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Please use this identifier to cite or link to this item: http://apo.ansto.gov.au/dspace/handle/10238/5883

Title: Progressive metabolic and structural cerebral perturbations following traumatic brain injury: an in vivo imaging study in the rat
Authors: Liu, YR
Cardamone, L
Hogan, RE
Gregoire, MC
Williams, JP
Hicks, RJ
Binns, D
Koe, A
Jones, NC
Myers, DE
O'Brien, TJ
Bouilleret, DE
Keywords: Neurology
Disease incidence
Morphology
Behavior
Mammals
Brain
Issue Date: 1-Jan-2010
Publisher: Society of Nuclear Medicine
Citation: Liu, Y. R., Cardamone, L., Hogan, R. E., Gregoire, M. C., Williams, J. P., Hicks, R. J., Binns, D., Koe, A., Jones, N. C., Myers, D. E., O'Brien, T. J., & Bouilleret, V. (2010). Progressive metabolic and structural cerebral perturbations after traumatic brain injury: An in vivo imaging study in the rat. Journal of Nuclear Medicine, 51(11), 1788-1795. doi:10.2967/jnumed.110.078626
Abstract: Traumatic brain injury (TBI) has a high incidence of long-term neurologic and neuropsychiatric morbidity. Metabolic and structural changes in rat brains were assessed after TBI using serial 18F-FDG PET and 3-dimensional MRI in vivo. Methods: Rats underwent lateral fluid percussion injury (FPI; n = 16) or a sham procedure (n = 11). PET and MR images were acquired at 1 wk and at 1, 3, and 6 mo after injury. Morphologic changes were assessed using MRI-based regions of interest, and hippocampal shape changes were assessed with large-deformation high-dimensional mapping. Metabolic changes were assessed using region-of-interest analysis and statistical parametric mapping with the flexible factorial analysis. Anxiety-like behavior and learning were assessed at 1, 3, and 6 mo after injury. Results: PET analyses showed widespread hypometabolism in injured rats, in particular involving the ipsilateral cortex, hippocampus, and amygdalae, present at 1 wk after FPI, most prominent at 1 mo, and then decreasing. Compared with the sham group, rats in the FPI group had decreased structural volume which progressively increased over 3–6 mo, occurring in the ipsilateral cortex, hippocampus, and ventricles after FPI (P < 0.05). Large-deformation high-dimensional mapping showed evolving hippocampal shape changes across the 6 mo after FPI. Injured rats displayed increased anxiety-like behavior (P < 0.05), but there were no direct correlations between the severity of the behavior abnormalities and functional or structural imaging changes. Conclusion: In selected brain structures, FPI induces early hypometabolism and delayed progressive atrophic changes that are dynamic and continue to evolve for months. These findings have implications for the understanding of the pathophysiology and evolution of long-term neurologic morbidity following TBI, and indicate an extended window for targeted neuroprotective interventions. © 2010, Society of Nuclear Medicine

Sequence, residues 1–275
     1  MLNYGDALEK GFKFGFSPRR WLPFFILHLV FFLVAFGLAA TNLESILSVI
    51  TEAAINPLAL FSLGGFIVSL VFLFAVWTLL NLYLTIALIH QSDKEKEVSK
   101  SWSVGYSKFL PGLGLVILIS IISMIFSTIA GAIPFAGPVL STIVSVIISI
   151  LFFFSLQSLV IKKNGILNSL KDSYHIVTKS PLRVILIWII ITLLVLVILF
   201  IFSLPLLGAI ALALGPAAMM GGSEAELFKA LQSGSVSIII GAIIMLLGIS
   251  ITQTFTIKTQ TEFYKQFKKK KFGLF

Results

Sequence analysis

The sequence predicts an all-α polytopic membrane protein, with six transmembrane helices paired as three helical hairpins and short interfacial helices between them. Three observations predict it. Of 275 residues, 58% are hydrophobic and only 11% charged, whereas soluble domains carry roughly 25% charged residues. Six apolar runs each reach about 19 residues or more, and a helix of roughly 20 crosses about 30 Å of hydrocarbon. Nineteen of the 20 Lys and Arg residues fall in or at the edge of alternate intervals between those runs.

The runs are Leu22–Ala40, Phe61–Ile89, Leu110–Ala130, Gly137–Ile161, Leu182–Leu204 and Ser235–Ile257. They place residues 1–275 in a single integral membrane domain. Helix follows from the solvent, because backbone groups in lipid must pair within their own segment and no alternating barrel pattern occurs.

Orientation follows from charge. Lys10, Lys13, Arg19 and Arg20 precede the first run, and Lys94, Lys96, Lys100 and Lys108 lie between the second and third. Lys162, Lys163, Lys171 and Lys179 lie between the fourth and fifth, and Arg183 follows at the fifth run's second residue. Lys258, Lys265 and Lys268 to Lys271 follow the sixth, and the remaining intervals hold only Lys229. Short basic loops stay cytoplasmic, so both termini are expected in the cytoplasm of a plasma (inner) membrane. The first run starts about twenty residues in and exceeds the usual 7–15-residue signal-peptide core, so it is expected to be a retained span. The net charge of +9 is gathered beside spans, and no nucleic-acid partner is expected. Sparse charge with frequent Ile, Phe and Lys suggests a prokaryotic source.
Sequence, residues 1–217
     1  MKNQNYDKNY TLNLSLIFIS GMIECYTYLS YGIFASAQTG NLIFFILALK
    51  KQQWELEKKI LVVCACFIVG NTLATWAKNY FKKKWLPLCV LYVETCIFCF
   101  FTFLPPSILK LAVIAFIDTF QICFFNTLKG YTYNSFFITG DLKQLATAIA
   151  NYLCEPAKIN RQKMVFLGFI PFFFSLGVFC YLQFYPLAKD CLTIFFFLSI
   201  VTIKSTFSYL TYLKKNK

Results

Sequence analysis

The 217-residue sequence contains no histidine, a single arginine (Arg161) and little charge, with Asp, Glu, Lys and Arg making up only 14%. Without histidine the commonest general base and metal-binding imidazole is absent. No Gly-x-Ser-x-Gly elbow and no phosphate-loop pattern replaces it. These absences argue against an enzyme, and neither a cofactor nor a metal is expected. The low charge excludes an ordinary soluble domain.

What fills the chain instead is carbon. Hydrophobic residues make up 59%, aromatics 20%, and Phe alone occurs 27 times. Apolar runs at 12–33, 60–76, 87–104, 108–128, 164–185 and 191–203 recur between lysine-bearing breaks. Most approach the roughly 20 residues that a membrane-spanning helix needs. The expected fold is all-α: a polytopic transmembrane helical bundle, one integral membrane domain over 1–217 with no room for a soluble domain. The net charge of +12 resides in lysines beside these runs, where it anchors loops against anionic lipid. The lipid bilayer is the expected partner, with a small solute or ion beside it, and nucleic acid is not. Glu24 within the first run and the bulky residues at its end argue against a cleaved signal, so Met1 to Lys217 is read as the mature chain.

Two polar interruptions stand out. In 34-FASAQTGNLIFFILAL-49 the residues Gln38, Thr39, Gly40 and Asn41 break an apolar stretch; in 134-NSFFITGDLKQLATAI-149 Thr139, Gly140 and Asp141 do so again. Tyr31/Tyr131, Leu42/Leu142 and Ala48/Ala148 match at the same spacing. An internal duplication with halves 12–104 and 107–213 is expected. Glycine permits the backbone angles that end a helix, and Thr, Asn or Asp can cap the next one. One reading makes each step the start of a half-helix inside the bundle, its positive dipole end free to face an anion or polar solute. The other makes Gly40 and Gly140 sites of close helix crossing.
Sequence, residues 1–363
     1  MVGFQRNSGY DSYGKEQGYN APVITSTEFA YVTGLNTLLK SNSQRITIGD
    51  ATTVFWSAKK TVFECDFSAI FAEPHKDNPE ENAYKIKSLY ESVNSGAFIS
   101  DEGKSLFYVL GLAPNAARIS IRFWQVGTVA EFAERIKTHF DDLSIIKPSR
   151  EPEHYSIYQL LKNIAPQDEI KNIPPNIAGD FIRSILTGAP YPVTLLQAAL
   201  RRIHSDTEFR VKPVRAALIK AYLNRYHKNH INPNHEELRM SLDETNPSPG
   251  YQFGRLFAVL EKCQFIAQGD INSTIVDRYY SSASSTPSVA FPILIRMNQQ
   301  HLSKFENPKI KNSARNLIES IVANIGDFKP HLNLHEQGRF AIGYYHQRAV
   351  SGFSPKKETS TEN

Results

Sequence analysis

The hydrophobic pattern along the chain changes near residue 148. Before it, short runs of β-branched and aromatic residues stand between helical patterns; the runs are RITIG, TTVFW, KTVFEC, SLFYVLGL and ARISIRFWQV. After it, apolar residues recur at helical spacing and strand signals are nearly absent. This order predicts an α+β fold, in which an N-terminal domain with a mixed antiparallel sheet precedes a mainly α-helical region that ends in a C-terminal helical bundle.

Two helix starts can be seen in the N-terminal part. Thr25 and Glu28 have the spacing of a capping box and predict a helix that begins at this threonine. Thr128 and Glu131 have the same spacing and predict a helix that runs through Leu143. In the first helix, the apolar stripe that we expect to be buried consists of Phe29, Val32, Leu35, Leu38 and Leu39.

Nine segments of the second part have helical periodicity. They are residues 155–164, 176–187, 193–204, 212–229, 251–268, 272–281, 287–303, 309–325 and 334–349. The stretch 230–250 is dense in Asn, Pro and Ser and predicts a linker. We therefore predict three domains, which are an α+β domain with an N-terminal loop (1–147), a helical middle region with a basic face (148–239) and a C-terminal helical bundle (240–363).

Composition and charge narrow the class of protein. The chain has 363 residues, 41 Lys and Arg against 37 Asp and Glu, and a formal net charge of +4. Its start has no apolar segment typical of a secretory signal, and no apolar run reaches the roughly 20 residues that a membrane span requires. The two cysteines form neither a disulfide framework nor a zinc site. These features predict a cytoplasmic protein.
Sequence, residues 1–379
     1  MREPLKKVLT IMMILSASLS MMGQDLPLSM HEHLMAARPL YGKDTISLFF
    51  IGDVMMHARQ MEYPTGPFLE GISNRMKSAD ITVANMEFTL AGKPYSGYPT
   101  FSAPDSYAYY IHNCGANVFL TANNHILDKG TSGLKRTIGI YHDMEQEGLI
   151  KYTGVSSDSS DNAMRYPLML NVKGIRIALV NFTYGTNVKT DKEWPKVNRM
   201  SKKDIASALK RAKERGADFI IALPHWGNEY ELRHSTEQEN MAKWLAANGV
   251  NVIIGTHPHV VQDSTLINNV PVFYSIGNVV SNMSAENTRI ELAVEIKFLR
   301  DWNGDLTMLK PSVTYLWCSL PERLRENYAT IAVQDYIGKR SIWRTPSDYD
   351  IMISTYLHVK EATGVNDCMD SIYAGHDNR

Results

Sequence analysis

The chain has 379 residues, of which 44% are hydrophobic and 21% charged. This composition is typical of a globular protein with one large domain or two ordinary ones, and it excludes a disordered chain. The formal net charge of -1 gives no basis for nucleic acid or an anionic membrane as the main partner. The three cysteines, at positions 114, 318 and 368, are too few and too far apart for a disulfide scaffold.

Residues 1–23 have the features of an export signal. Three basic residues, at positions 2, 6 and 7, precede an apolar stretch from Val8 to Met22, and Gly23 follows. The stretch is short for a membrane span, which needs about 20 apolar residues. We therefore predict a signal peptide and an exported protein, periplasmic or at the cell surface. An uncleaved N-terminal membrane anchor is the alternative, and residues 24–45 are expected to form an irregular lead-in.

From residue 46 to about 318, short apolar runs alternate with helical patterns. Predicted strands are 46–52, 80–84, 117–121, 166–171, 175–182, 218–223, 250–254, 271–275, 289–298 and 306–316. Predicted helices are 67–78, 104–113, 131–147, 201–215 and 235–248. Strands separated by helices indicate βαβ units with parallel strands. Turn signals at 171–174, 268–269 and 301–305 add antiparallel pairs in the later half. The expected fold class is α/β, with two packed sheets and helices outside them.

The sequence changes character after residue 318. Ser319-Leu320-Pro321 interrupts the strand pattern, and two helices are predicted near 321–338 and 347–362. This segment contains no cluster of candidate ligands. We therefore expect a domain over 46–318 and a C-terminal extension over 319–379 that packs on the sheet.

URI: hhtp://dx.doi.org/10.2967/jnumed.110.078626
http://apo.ansto.gov.au/dspace/handle/10238/5883
ISSN: 0161-5505
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